Dive 14: Octopus
This dumbo octopus was observed resting on the seafloor before it took off, gliding through the water as if flying, propelled by the fins behind its eyes. Video courtesy of the NOAA Office of Ocean Exploration and Research, Discovering the Deep: Exploring Remote Pacific MPAs. Download (mp4, 31.0 MB)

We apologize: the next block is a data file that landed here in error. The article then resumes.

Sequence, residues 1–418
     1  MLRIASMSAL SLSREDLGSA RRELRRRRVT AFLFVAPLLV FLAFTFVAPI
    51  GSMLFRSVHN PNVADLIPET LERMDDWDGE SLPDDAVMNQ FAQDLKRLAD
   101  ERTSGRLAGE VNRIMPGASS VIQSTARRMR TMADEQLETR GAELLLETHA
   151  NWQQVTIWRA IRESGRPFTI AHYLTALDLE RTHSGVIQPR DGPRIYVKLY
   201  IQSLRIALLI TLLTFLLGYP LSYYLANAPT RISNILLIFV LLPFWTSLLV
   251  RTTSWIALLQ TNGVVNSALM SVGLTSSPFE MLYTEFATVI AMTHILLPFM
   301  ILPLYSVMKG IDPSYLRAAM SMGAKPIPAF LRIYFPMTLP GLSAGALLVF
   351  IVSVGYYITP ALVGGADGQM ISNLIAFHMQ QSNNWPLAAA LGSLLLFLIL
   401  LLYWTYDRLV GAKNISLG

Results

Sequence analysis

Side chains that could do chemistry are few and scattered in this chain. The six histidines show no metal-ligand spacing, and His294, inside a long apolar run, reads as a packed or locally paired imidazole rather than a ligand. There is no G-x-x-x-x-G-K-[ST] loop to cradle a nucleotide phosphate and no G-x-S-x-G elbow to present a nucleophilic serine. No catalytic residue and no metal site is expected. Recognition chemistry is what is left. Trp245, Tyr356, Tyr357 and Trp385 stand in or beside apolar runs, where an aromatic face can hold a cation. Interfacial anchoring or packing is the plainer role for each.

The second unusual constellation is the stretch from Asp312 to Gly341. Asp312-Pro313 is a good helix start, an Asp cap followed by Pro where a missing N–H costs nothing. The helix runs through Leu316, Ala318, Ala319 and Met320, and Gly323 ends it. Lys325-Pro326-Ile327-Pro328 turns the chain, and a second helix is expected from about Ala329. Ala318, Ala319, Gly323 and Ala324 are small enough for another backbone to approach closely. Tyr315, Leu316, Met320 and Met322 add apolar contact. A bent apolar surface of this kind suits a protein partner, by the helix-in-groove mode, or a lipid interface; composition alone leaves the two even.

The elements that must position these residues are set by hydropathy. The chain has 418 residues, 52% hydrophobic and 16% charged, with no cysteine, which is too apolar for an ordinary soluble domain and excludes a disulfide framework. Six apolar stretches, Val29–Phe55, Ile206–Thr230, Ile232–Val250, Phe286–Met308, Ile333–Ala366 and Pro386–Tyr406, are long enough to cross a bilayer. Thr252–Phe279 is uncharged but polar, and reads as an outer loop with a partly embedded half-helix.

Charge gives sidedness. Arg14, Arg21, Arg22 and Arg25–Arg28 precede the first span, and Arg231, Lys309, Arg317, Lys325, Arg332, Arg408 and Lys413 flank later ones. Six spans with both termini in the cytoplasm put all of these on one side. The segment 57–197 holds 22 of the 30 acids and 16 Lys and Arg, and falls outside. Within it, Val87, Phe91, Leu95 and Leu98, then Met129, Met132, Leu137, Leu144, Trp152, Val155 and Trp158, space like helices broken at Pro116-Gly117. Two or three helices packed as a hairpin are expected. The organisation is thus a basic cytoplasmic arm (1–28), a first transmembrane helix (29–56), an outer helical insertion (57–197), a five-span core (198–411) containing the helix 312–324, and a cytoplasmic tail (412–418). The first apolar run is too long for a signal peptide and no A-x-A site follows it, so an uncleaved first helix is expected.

This dive started on a sedimented seafloor at 1,535 meters depth and progressed up a steep slope on an unnamed seamount within the Winslow Reef Area, Phoenix Islands Protected Area (PIPA). Throughout the dive, we observed several live and dead Walteria-like glass sponges, loaded with associates, including ophiuroids, crinoids, barnacles, shrimp, ctenophores, and sea stars. Sponges, including some encrusting types, were seen on the dive. Iridogorgia cf. magnispiralis was the dominant octocoral present and several colonies were very large, being about 3.7 meters. Other corals observed included an unknown planar Chrysogorgiid octocoral, three species of sea pens, whip and a yellow nodal branching bamboo corals, pink coralliid (Hemicorallium sp.), black coral, and stony corals including unknown cup corals. Additional associates included squat lobsters and barnacles on dead coral skeleton. Fish included cusk eels, rattails, codling, deep-sea spiny eels, a cutthroat eel, and an unknown black fish, later identified as a whalefish. Other invertebrates observed included a blind lobster, stalked crinoids, sea cucumbers, sea stars, sea urchins, homolid crab with anemone associate, and xenophyophores. One of the highlights of the dive was observing a dumbo octopus with a damaged arm and fin taking flight during the first part of the dive. The scientists also observed some examples of carnivory, including a sea spider feeding on an anemone, sea stars feeding on sponges, and gastropods parasitizing a crinoid and grazing on corals. At the conclusion of the dive, the Okeanos Explorer headed south and will be diving at an unnamed seamount in PIPA to the northwest of McKean Island tomorrow.